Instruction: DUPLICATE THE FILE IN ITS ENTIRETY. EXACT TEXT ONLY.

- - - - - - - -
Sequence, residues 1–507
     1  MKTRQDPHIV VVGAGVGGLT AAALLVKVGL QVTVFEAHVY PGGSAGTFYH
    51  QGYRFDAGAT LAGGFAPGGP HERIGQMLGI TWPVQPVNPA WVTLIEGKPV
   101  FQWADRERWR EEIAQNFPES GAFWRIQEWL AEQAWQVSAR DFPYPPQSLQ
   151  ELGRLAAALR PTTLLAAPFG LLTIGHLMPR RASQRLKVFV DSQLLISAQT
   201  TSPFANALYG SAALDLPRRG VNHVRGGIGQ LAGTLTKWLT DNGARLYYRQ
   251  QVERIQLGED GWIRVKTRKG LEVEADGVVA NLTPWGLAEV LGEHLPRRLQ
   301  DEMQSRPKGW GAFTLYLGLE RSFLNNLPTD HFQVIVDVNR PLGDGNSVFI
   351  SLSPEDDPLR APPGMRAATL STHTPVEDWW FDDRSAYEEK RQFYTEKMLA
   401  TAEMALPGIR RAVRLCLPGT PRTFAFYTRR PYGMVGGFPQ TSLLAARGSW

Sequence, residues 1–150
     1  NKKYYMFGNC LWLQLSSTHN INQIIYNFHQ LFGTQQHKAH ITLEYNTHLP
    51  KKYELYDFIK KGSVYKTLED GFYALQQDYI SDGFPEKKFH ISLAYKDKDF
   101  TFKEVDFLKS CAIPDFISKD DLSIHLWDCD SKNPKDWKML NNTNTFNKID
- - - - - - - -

Sequence, residues 1–507
     1  MKTRQDPHIV VVGAGVGGLT AAALLVKVGL QVTVFEAHVY PGGSAGTFYH
    51  QGYRFDAGAT LAGGFAPGGP HERIGQMLGI TWPVQPVNPA WVTLIEGKPV
   101  FQWADRERWR EEIAQNFPES GAFWRIQEWL AEQAWQVSAR DFPYPPQSLQ
   151  ELGRLAAALR PTTLLAAPFG LLTIGHLMPR RASQRLKVFV DSQLLISAQT
   201  TSPFANALYG SAALDLPRRG VNHVRGGIGQ LAGTLTKWLT DNGARLYYRQ
   251  QVERIQLGED GWIRVKTRKG LEVEADGVVA NLTPWGLAEV LGEHLPRRLQ
   301  DEMQSRPKGW GAFTLYLGLE RSFLNNLPTD HFQVIVDVNR PLGDGNSVFI
   351  SLSPEDDPLR APPGMRAATL STHTPVEDWW FDDRSAYEEK RQFYTEKMLA
   401  TAEMALPGIR RAVRLCLPGT PRTFAFYTRR PYGMVGGFPQ TSLLAARGSW

Sequence, residues 1–150
     1  NKKYYMFGNC LWLQLSSTHN INQIIYNFHQ LFGTQQHKAH ITLEYNTHLP
    51  KKYELYDFIK KGSVYKTLED GFYALQQDYI SDGFPEKKFH ISLAYKDKDF
   101  TFKEVDFLKS CAIPDFISKD DLSIHLWDCD SKNPKDWKML NNTNTFNKID